Brain-computer interfaces (BCIs) create “a bridge between your brain and an external device.” (Gonfalonieri, 2020) Today, we are able to monitor brain activity through non-invasive devices such as headbands or earbuds. Sensors and algorithms can analyze brain activity and find patterns. This technology was originally developed and used for helping paralyzed individuals use their thoughts to move assistive devices such as prosthetic limbs. It’s also being used to help those who can’t speak, i.e. individuals who have lost speech as a result of having ALS. (Gonfalonieri, 2020)
But more recently, companies are looking at using BCIs for non-medical reasons. This Harvard Business Review article dives into scenarios where managers could use this technology to monitor employee’s attention and productivity during work (I don’t know about you, but I’d prefer my employer not see how attentive I am throughout the day). Researchers are also exploring the idea of “passthoughts” – using your thoughts to login to an account rather than typing in a password.
“When it comes to collecting brain data, the potential for abuse is frightening: Even when used with the best of intentions, companies could risk becoming overly dependent on using brain data to evaluate, monitor, and train employees, and there are risks associated with that.” (Gonfalonieri, 2020)
In addition to the risks that companies may face when using this technology for their employees, there are security risks from hackers, too. BCIs can be hacked, and then sensitive brain data can be accessed including those “passthoughts”.
Aside from using BCI technology in the workplace, companies are exploring other uses for the tech. Facebook (of course, it always has to be Facebook) is extremely interested in BCI technology and supports research efforts concerning it. Facebook Reality Labs (FRL) is developing AR glasses and could potentially use BCI technology as a way for people to use the glasses. Facebook will have challenges regarding privacy when attempting to launch this product.
All of this brings up serious concerns when it comes to privacy. I can think of a myriad of risks and possible ill-effects of this tech, even though it’s really beneficial for those who can’t move or speak.
The Future of Privacy Forum recommends 5 safeguards to privacy when developing BCI technology.
“Because the collection and use of neuroinformation involves a number of privacy and ethical concerns that go beyond current laws and regulations, stakeholders working in this emerging field should follow these principles for mitigating privacy risks:
- Employ Privacy Enhancing Technologies to Safeguard Data – BCI providers should integrate recent advances in privacy enhancing technologies (PETs), such as differential privacy, in accordance with principles of data minimization and privacy by design.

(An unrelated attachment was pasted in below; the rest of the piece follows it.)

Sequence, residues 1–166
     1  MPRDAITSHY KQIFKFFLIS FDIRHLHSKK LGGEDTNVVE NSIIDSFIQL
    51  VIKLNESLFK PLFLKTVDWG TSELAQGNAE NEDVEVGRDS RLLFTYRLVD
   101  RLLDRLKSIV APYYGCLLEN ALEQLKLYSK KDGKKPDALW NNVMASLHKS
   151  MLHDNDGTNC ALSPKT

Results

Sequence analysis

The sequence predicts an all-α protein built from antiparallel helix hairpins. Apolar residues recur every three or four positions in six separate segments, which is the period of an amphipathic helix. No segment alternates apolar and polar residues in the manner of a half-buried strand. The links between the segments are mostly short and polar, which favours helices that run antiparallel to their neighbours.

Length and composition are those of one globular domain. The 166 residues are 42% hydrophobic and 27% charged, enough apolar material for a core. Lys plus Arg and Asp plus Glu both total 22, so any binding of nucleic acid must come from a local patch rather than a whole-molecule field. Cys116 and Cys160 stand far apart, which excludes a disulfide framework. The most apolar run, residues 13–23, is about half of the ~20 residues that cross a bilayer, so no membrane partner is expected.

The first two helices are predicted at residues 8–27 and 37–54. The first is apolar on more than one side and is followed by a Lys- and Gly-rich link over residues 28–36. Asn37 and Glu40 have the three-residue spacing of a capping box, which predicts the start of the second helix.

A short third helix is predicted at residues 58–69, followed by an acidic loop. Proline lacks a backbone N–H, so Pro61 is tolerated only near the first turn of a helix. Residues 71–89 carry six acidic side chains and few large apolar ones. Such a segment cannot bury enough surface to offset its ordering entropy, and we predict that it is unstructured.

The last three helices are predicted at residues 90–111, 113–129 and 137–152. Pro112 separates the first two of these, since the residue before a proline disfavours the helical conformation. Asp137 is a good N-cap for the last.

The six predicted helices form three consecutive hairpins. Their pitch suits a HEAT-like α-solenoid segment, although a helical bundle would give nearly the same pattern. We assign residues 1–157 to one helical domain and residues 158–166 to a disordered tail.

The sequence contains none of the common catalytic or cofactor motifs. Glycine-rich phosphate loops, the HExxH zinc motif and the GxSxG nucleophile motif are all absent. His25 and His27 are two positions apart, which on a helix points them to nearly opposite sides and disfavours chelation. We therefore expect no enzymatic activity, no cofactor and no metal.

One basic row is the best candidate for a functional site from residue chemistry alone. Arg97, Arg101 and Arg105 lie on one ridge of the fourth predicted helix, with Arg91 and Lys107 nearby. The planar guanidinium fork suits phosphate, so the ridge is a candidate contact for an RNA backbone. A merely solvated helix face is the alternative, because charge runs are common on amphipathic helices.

- Ensure On/Off User Controls – Wherever appropriate, BCI users should have the option to control when their devices are on or off. Some devices may need to always be on in order to fulfill their functions—for example, a BCI that treats a neurological condition. However, when being always on is not an essential feature of the device, users should have a clear and definite way to turn off their device. As with other devices, there are considerable privacy risks when a BCI is always gathering data or can be turned on unintentionally.
- Enshrine Purpose Limitation — BCI providers should state the purpose for collecting neuroinformation and refrain from using that information for any other purpose absent user consent. For example, if an educational BCI gauges student attentiveness for the purpose of helping a teacher engage the class, it should not use attentiveness data for another purpose—like ranking student performance—without express and informed consent. Additionally, BCI providers should also consider limiting unnecessary cross-device collection.
- Focus on Data Quality — Providers should strive to use the most accurate data collection processes and machine-learning tools available to ensure accuracy and precision. Algorithmic explainability and reproducibility of results are critical components of accuracy. It is important for BCIs to be both accurate (turning neural signals into correct neuroinformation) and precise (consistently reading the same signals to mean the same thing).
- Promote Security — BCI providers should take appropriate measures to secure neuroinformation. BCI devices should be secure against hacking and malware, and company servers should be secure against unauthorized access and tampering. Furthermore, data transfers should be accomplished by secure means, subject to strong encryption.” (Ringrose, 2020)
What are your thoughts on using this tech outside of the medical community? Do you think the benefits of this technology outweigh the risks?
- Gonfalonieri, Alexandre. 6 Oct. 2020. Accessed 25 Oct. 2020. https://hbr.org/2020/10/what-brain-computer-interfaces-could-mean-for-the-future-of-work